- Official Voter's Guide to Proposition 9
- PDF of the mailed November 4, 2008 voter guide for Proposition 9
- November 4, 2008 ballot proposition election returns
- Proposition 9 in the Smart Voter Guide
- Analysis of Proposition 9 from the Institute of Governmental Studies
- Guide to Proposition 9 from the California Voter Foundation
- Summary of donors to and against Proposition 9 from Cal-Access
- Donors for and against Proposition 9 from Follow The Money
- Signature validation progress report (archival)
- No on Proposition 9 campaign website
- Vote No on 9 grassroots website
- Props. 6 and 9 Reader, Harvard Law School blog
- Curb Prison Spending/No on 9
- Proposition 9 would give crime victims a stronger voice, but critics say it could violate inmates' rights, Los Angeles Times, October 22, 2008
- Number nine, number nine, number nine, Los Angeles Times, June 6, 2008
- Official election results
- Los Angeles Times, "California's Propositions", September 21, 2008
- The Sacramento Bee, "Judge strikes parole-revocation provisions in California law," January 26, 2012]
- Los Angeles Times, The Two Nicholases, June 11, 2008.
- Campaign donation from Nicholas to Marsy's Law committee
- Arguments in favor of Prop 9 from the California voters guide
- Follow the Money, "Donors to Yes on Proposition 9"
- Registration information for the No on 6 & 9 committee
- Arguments against Proposition 9 from the California voter's guide
- Follow the Money, "Donors to No on Propositions 6 & 9"
- Eureka Reporter, "The Eureka Reporter recommends," October 14, 2008.
- Gay and Lesbian Times, "Our endorsements for state and local propositions," October 9, 2008.
- Los Angeles Times, "No on Proposition 9", September 26, 2008
- Pasadena Star News, "Vote 'no' on props. 6 and 9", October 6, 2008
- Press Democrat, "Wrong Way," September 8, 2008
- Press Enterprise, "No on 9," September 12, 2008
- Tracy Press, "Proposition 9 has victims as a concern, but it would put too much burden on our prison system if it passes," September 23, 2008.
- San Diego Union Tribune, "No on Prop 9: Measure is poorly drafted and wrongheaded," September 25, 2008
- Orange County Register, "California Proposition 9 Editorial: Unnecessary tinkering with constitution," October 2, 2008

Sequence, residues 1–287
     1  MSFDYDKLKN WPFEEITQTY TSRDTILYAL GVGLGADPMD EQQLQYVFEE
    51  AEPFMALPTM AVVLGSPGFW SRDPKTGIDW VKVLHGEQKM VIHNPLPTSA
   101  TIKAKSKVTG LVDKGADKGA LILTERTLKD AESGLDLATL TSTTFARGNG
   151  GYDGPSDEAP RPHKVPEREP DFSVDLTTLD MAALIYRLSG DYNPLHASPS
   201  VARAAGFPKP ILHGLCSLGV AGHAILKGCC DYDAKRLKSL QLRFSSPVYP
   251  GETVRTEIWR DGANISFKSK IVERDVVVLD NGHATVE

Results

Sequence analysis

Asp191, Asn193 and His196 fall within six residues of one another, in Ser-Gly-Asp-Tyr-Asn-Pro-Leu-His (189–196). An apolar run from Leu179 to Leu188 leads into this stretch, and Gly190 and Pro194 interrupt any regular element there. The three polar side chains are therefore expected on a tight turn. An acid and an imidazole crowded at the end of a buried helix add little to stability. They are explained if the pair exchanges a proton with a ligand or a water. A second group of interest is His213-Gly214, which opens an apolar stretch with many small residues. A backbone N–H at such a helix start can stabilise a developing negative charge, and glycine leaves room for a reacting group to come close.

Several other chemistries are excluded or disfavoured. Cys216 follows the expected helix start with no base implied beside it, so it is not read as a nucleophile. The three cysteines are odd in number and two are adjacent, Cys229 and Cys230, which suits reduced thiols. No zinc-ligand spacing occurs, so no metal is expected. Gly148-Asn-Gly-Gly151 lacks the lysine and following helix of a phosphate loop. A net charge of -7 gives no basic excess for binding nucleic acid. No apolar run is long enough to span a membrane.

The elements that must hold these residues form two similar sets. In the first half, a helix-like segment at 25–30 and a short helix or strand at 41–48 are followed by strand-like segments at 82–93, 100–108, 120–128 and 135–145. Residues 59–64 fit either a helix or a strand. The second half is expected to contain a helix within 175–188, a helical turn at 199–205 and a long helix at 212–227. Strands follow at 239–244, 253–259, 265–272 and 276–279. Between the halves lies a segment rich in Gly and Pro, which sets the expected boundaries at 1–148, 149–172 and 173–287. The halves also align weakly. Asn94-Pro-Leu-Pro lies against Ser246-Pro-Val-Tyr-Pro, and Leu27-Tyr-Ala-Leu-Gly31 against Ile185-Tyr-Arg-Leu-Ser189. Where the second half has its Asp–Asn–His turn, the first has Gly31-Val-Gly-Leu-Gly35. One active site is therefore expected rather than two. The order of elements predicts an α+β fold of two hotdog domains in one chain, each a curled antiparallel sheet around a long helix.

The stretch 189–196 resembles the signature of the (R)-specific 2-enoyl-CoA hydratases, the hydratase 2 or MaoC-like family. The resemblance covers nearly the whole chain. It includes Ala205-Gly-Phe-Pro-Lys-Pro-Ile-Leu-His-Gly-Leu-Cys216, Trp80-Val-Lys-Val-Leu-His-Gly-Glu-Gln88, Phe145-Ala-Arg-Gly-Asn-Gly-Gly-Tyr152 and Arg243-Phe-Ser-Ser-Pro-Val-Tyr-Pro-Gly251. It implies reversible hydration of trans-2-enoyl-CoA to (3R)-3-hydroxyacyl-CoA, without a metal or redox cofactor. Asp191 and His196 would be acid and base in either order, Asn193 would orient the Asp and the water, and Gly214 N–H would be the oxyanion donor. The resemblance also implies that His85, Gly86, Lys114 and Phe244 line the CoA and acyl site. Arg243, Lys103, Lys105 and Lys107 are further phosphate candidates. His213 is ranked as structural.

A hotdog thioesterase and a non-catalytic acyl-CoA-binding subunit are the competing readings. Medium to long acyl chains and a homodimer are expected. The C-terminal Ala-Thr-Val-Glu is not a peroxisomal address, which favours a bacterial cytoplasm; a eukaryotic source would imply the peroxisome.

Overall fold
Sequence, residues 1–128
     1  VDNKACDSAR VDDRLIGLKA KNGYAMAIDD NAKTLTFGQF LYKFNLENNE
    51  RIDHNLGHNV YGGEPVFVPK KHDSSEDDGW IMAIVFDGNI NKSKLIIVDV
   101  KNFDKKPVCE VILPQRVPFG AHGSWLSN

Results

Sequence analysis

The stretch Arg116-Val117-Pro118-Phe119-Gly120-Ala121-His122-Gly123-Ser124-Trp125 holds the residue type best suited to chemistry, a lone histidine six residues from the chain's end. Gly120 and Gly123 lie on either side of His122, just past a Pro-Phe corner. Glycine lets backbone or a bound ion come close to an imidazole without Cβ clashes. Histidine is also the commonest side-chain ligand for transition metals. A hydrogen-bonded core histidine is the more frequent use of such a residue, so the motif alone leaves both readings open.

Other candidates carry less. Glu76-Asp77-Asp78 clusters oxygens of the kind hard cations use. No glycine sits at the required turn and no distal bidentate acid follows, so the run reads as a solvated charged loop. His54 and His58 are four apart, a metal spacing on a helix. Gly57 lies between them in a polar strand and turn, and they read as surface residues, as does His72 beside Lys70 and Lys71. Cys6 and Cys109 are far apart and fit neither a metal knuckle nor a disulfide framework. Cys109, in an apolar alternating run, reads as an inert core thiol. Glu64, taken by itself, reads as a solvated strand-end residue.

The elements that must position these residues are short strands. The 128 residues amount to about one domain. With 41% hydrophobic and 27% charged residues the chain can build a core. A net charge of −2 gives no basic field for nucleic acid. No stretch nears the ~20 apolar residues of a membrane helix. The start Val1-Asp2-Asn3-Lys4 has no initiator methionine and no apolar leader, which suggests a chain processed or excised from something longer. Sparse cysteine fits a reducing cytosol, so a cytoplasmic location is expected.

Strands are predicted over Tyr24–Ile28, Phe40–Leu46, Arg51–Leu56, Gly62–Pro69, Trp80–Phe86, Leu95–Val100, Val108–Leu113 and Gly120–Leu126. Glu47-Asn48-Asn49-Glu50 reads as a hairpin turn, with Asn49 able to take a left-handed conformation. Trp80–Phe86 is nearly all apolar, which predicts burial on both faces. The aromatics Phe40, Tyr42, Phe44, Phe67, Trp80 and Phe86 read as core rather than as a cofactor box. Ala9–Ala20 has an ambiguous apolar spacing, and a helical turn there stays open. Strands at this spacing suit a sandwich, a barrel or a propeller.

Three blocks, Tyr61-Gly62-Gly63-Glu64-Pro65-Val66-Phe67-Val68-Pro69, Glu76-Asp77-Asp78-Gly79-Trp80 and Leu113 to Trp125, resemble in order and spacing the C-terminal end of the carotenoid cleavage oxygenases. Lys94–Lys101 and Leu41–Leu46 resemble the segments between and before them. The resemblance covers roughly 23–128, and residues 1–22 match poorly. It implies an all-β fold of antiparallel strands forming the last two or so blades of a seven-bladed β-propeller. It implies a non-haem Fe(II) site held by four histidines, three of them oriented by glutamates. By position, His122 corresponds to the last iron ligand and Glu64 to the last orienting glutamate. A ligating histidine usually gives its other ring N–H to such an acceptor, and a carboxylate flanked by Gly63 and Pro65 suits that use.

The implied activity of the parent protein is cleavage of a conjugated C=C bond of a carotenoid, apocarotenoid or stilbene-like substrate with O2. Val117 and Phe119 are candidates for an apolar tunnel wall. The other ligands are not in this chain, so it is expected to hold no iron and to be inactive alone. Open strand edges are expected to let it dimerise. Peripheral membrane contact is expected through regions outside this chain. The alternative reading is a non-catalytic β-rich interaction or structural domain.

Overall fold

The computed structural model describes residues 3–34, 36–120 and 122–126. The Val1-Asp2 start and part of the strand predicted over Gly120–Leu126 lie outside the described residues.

- Sacramento Bee, "Proposition 9", October 9, 2008
- San Francisco Chronicle, "Props. 6 and 9 are budget busters," October 9, 2008.
- Bakersfield Californian, "Ballot-box budgeting: Vote NO on Props 6 and 9," October 9, 2008
- La Opinion, "Two Measures to Reject," October 12, 2008
- Fresno Bee, "Vote 'no' on Proposition 9, an ill-considered crime victims bill," October 13, 2008.
- Woodland Daily Democrat, "Voters should turn down Props. 5, 6, and 9", October 14, 2008.
- San Jose Mercury News, "Editorial: Proposition 9 would increase prison costs; vote no," October 14, 2008.
- Chico Enterprise-Record, "Flawed measures should be rejected," October 16, 2008.
- Stockton Record, "Proposition 9 - No," October 16, 2008.
- New York Times, "Fiscal Disaster in California," October 9, 2008.
- Contra Costa Times, "Times recommendations on California propositions," October 19, 2008.
- San Gabriel Valley Tribune, "Propositions in Review," October 19, 2008.
- Napa Valley Register, Vote No On Proposition 9, October 16, 2008
- Salinas Californian, "Vote no on state Props. 5, 6 and 9," October 18, 2008.
- Monterey County Herald, "Proposition endorsements," October 17, 2008.
- Long Beach Press-Telegram, "No on Proposition 9," October 4, 2008.
- Desert Dispatch, "Victims' Rights Yes, Amendment No," October 8, 2008
- The Reporter, "Vote No on Proposition 9," October 22, 2008.
- Los Angeles Daily News, "No on Props. 5, 6, and 9.
- Santa Cruz Sentinel, "As We See It: Vote No on Props. 6 and 9," October 15, 2008.
- Modesto Bee, "Proposition 9 is too ambitious," October 9 2008.
- The Appeal-Democrat, "Our View: Victims’ rights Proposition 9 doesn’t seem necessary," October 5, 2008.
- Record Searchlight, "Victims' rights act only on paper," October 10, 2008.
- Milpitas Post, "Blasting some of the worst propositions," October 9, 2008.
- SFGate.com, "Parole-revoking rules toughened by Prop. 9 tossed," January 27, 2012
- California Department of Corrections and Rehabilitation , "Victim's Bill of Rights Act of 2008: Marsy's Law"
- Mercury News, "Federal judge limits Calif. crime victims measure", March 26, 2009
- Los Angeles Times, "Appeals court backs Proposition 9 parole revocation rule", March 26, 2010
- San Francisco Chronicle, "Fabian Núñez's words enrage slain man's family", July 12, 2011
- The Sacramento Bee, "Nunez, Schwarzenegger commutation case to stay in Sacramento," August 4, 2011
- News 10, "Marsy's Law" Seeks New Rights For Crime Victims
- Sacramento Bee, Signatures submitted for victims' ballot measure, April 28, 2008
- Campaign expenditure details